In the last one week, Linux.Ekocms.1 trojan has become the latest threat that targets Linux PCs, soon after ransomware Linux.Encoder and the Linux XOR DDoS malware had showed a large number of issues and have created blotches in Linux’s status as impermeable when it comes to malware infections.
According to Russia’s top anti-virus company, Dr.Web, this trojan is a part of the spyware family that was specially designed in order to take screenshots of the user’s desktop every 30 seconds. In most cases, the recorded screenshot files got saved to the same two folders, but in the absence of the folders, the trojan created its own folder when needed.
People using Linux PC without an antivirus solution installed can diagnose for Linux.Ekocms themselves by searching the following two folders and seeing if they can find any screengrabs:
The trojan saves all files in JPEG format with a title consisting of the timestamp of the screenshot. On facing an error while saving the screenshot, the trojan will instead use the BMP format for saving the screengrabs, which are then uploaded to an available remote server. Linux.Ekocms uploads these files to a C&C (command and control) server via a proxy IP at regular intervals. The server’s IP address is hard-coded into the trojan’s source code thus, all files are sent via an encrypted connection, therein third-party reverse engineers tools will have a tedious job to pick up on the trojan’s operations.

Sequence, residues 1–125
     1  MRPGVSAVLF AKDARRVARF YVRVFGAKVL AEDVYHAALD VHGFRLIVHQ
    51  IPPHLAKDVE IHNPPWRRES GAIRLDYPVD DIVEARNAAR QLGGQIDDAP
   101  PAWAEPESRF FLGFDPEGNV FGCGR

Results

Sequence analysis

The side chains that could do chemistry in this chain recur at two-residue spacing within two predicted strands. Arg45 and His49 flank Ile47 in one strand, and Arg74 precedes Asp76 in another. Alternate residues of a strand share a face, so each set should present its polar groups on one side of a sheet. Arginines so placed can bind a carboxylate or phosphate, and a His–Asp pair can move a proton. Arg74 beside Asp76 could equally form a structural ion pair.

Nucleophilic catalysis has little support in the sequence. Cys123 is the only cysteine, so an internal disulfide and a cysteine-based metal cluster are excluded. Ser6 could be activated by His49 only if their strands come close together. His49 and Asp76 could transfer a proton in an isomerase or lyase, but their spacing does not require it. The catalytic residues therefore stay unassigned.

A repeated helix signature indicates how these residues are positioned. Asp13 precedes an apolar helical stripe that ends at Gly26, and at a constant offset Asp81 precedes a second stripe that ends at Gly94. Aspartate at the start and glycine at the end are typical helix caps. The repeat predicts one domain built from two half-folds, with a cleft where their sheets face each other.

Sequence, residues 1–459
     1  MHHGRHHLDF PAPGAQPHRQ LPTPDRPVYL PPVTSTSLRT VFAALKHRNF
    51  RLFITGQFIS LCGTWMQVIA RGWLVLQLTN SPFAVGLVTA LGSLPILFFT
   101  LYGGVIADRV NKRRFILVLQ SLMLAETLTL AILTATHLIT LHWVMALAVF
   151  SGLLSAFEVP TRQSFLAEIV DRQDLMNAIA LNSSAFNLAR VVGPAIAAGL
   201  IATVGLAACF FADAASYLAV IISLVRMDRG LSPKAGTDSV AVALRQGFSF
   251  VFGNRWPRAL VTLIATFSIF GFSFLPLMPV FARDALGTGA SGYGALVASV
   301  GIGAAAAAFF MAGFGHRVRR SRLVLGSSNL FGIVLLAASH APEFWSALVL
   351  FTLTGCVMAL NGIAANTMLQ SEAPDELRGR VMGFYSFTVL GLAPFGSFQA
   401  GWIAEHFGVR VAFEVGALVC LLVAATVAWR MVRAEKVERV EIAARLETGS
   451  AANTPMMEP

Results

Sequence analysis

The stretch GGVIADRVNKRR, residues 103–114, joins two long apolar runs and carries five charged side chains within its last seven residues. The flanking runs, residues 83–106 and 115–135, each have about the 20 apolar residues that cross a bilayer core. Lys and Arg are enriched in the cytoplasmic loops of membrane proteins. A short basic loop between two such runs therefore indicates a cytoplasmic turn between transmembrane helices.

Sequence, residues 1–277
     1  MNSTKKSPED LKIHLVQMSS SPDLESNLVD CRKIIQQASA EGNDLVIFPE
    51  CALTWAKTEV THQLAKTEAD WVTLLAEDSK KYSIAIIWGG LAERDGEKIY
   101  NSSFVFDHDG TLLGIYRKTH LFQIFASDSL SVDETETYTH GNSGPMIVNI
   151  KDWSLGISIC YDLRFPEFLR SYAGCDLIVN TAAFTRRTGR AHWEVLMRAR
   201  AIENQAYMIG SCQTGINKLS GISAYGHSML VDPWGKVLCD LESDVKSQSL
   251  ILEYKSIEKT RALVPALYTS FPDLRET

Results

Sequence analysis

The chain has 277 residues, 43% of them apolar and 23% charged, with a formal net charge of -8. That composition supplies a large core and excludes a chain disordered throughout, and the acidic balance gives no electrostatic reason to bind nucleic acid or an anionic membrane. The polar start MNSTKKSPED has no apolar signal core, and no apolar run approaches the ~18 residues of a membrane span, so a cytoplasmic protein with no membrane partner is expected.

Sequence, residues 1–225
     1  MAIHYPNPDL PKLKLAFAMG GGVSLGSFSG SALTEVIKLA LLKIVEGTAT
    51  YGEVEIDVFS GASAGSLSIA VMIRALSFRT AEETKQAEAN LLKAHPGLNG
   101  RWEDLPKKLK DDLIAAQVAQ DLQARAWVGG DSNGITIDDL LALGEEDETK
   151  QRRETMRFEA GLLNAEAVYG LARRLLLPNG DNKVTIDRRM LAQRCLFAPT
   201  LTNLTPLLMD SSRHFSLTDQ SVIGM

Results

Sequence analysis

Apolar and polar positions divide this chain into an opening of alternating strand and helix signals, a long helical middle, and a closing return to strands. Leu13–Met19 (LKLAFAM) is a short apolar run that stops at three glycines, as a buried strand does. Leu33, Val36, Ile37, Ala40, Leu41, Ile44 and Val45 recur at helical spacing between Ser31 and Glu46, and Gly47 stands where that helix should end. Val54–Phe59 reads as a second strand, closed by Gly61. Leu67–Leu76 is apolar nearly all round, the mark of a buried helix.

The presence of an audio recording feature in its codebase, as claimed by Dr.Web experts remains dysfunctional as it was never active in the trojan’s normal operation. The latest version, Linux.Ekocms is a powerful reconnaissance tool, that allows attackers to get a brief overview of the basic tools used on a daily basis by a Linux user and the websites visited.